How to Get A Blogger to Notice Your Music In 7 Easy Steps

blogger listening to music
Here are seven easy steps to writing the perfect outreach email to introduce yourself and your music to a blogger.
1.) Make sure to target people who you think would actually like to listen to your music i.e. confirm that their musical tastes align with your genre (more on that in step five).
2.) Find that person’s personal email address (not a generic info@mediaoutlet.com address) or @mention them on Twitter and ask them to DM it to you if you can’t find it (make sure you’re following them or else they won’t be able to DM you!).
3.) When composing your email, remember that shorter is better. Always.
4.) A lot of the time artists and their PR reps get too hung up on telling their story. Even if your story is touching or entertaining or incredible- if I don’t like the music, I’m not going to write about it or you. Save me, and you, the time by sparing that information until I’m familiar with your work.
5.) What I want to read: a description of your sound so I can get an idea what I’m dealing with before I click to listen. I’m pretty opened minded and will check out 90% of the press releases that land in my inbox, but if you label your work as “pop country”, again, save me and you the time by letting me know up front it’s something I won’t like so I don’t waste time clicking on it.
6.) What I want to click: Soundcloud, YouTube, and Bandcamp links are all #1 in my book. Anything else that’s relevant and helps me get to know you and your music better- links to press coverage, your website, your social accounts- are also welcome and appreciated.
7.)Dress all that up with a photo or two and a personalized opening paragraph and you’re good to go.
What’s a personalized paragraph? So glad you asked. It’s a genuine statement (i.e. something that you can’t easily make up) that lets me know you took the time to figure out why you think I might like your music. This will differentiate you and your outreach efforts, letting the blogger know you care about your work as much as you say you do.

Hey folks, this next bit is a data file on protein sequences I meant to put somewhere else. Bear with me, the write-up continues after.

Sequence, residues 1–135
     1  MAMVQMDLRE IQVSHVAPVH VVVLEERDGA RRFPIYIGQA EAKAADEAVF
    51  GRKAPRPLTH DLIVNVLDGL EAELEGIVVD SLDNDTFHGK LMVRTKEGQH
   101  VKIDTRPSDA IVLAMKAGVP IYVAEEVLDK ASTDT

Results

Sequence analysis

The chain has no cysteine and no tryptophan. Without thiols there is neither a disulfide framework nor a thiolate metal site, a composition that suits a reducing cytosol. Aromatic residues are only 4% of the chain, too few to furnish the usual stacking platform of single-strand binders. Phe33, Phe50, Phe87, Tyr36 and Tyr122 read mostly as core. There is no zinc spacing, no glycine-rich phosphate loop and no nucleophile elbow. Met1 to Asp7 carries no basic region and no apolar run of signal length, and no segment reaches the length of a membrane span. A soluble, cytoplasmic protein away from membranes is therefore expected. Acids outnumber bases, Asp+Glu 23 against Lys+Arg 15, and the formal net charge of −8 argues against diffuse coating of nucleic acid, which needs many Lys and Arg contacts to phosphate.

Good luck!
[edit February 5, 2014]
8.) Put your streaming link near the top; I like to listen while I read. Please don’t make me hunt for it.
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Seven Ways to Get a Little Bit Closer to Your Fans

This isn’t new information: People will like you if you make them feel special. INTIMACY, therefore, is one of the key ingredients in creating loyal followers and Superfans. How do you do this if you can’t give each one a gift or a hug? There are so many ways to get closer to your fans.
Here are some of the best ways to establish that warm connection:
SHARE PERSONAL STORIES
The usual blogs of musicians are mostly informative. They simply talk about their gigs and about their latest album. That’s okay since that’s necessary but blogging about those stuff alone won’t help you build any connection to your followers.  You have to share a bit of yourself to your followers even (especially!) the most shallow details of your everyday life.  Check out Amanda Palmer’s blog. The girl is an expert on this.
PLAY IN SMALLER VENUES
You will get more loyal followers by playing in smaller venues like art shows, bookstores, and bars than in big concerts where there are lots of bands competing for attention. If you can play in the living room for a bunch of loyal supporters, do that!
 
CROWDSOURCE STUFF
The internet and social media have provided artists a more creative venue for collaboration. The digital cameras and apps make it easier for fans to create and share content. Crowdsourcing will not only help you get things done fast and good, it will also make your followers feel good simply because helping feels good. Plus, they’ll be rooting for you even more once they’ve invested their time, talents, or money in you.
GIVE FREEBIES and CHEAP GIVEAWAYS
There are so many affordable band merch (less than a dollar) that you can give your supporters when they approach you. A little something goes a long way. 
SIT BY THE MERCH TABLE
Not only will this help sell your merch, you will also establish an intimate connection to your fans. While you’re there signing autographs, let them write down their e-mail addresses for so you can update them on your next gigs. 
SEND NEWSLETTERS
Do not just post updates about your band on your social media, send them personal messages or e-mails, too! Personal messages are more…uhm, personal thus they will really feel like they matter to you. Send special videos during holidays if you can! You get the drift.
CONDUCT LIVE WEBCASTS
Have a video conference with them. Let them ask questions through chat or Twitter and answer them one by one. Not as good as meeting them one-on-one but better than nothing.
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James Hill is the CEO and owner of Unified Manufacturing, a CD/DVD/merch company based in Los Angeles, CA. He’s a former consultant at Buzzafide and the VP of Live Unsigned. For more music branding and marketing related tips, visit Unified Manufacturing’s blog.